How to Use a Chain Tool
Once your mountain bike chain becomes damaged, you should immediately replace it with a new one. It is possible however, to repair a broken chain using a chain tool. For this very reason, most mountain bikers travel with a chain tool.
Your chain has three basic components – the metal side plates, the rollers between the side plates, and the rivets, or pins which go through the rollers and help to hold the plates together. These pins allow the rollers to freely turn as the chain moves around the cogs.
If your chain happens to break, you’ll need to remove the broken link and replace it with a spare link. To do this, simply reattach the two ends of the broken chain and ride on a shorter chain until you can get it replaced.
To remove a broken link of chain, place it in the chain tool. Now, turn the tool counter clockwise until the rivet pin of the chain tool touches the chain rivet. Continue to turn the tool until the pin pushes out of the roller. Be very careful, as you want to stop turning when the pin is right at the edge of the roller, before it moves through the outer side plate.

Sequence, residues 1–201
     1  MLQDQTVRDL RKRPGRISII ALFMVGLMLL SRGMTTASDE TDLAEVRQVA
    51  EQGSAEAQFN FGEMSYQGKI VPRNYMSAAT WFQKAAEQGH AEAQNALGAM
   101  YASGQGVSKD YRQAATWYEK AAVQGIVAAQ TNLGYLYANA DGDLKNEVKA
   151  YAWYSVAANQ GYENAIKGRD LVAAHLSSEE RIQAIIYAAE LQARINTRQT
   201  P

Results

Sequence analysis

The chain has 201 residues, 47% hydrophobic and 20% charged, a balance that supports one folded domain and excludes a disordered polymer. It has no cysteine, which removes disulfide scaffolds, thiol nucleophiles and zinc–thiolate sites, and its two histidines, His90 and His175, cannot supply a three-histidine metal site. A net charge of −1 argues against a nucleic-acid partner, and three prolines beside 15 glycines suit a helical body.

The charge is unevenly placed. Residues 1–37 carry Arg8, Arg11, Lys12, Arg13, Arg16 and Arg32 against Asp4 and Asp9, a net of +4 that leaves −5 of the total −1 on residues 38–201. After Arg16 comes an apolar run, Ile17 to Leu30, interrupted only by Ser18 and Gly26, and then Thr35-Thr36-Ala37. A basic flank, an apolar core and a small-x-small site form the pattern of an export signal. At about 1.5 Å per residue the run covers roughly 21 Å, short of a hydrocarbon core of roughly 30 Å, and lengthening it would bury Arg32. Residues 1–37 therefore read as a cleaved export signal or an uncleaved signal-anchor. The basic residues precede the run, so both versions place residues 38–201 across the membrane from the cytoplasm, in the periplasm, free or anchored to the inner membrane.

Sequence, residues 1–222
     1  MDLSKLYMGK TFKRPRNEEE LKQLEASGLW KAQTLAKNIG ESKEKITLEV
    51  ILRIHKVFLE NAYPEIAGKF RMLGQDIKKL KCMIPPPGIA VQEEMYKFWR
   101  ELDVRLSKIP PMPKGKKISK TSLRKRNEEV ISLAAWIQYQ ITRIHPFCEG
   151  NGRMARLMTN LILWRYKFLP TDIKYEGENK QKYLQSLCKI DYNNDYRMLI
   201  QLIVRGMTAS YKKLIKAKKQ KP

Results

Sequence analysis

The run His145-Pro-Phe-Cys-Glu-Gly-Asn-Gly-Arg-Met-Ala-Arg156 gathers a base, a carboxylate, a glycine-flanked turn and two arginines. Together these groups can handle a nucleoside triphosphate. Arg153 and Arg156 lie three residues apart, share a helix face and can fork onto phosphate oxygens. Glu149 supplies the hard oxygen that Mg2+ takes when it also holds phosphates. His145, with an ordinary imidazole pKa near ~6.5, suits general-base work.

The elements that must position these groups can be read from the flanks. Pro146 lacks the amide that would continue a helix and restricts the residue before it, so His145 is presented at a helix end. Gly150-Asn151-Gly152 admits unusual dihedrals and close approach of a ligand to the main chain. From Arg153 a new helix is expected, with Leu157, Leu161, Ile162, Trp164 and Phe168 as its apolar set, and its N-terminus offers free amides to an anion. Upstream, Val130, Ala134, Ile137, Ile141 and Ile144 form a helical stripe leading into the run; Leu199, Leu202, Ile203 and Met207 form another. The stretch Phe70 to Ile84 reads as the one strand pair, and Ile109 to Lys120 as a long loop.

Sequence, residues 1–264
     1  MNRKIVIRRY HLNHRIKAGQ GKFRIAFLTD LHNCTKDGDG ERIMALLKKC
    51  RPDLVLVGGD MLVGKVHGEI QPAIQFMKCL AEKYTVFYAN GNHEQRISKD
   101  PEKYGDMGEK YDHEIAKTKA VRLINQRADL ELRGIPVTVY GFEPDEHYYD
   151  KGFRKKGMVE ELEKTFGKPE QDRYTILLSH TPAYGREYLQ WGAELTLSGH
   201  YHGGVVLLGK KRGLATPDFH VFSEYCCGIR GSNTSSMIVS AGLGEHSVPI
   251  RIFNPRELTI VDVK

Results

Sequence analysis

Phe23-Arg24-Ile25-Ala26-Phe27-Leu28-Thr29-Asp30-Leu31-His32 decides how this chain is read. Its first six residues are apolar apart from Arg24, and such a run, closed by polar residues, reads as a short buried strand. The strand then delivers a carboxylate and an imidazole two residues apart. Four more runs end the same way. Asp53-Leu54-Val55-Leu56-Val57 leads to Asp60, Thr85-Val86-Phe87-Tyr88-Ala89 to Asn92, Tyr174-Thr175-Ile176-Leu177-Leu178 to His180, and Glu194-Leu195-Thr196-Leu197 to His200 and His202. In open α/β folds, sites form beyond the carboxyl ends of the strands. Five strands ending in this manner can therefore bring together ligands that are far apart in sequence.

Now, turn the tool in the other direction, and back it out of the roller. Set the tool to the side, then work the chain very gently from side to side and extract the inner side plates and roller.
Now is the time to re-route the chain through the bike. You may want to have a chain retaining tool or some to help you hold the chain in the right spot as you route and repair it.
Now that the broken link has been removed and you’ve re-routed the chain, you’re ready to insert a new link or simply connect the links that were beside the broken one. The process here is the same – align the two ends so that the link with the inner side plates will fit inside the link with the pin and outer side plates. Now, use the chain tool to push the pin inward until it’s positioned evenly between the side plates.
The easiest way to learn how to do this or feel comfortable doing it is to have someone show you, then actually practice with a chain and a chain tool. You’ll have no trouble at all making a temporary repair in a mountain bike chain once you’ve seen it done by a professional and practiced it yourself a few times.